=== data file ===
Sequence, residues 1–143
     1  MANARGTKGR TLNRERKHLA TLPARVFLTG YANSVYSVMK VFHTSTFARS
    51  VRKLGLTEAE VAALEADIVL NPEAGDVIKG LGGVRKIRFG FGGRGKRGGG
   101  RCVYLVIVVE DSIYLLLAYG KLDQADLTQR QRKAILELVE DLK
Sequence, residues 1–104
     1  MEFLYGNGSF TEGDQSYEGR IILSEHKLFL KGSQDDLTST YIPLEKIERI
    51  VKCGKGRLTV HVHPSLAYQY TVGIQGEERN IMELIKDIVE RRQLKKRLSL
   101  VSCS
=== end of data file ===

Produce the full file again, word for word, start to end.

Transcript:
Sequence, residues 1–143
     1  MANARGTKGR TLNRERKHLA TLPARVFLTG YANSVYSVMK VFHTSTFARS
    51  VRKLGLTEAE VAALEADIVL NPEAGDVIKG LGGVRKIRFG FGGRGKRGGG
   101  RCVYLVIVVE DSIYLLLAYG KLDQADLTQR QRKAILELVE DLK
Sequence, residues 1–104
     1  MEFLYGNGSF TEGDQSYEGR IILSEHKLFL KGSQDDLTST YIPLEKIERI
    51  VKCGKGRLTV HVHPSLAYQY TVGIQGEERN IMELIKDIVE RRQLKKRLSL
   101  VSCS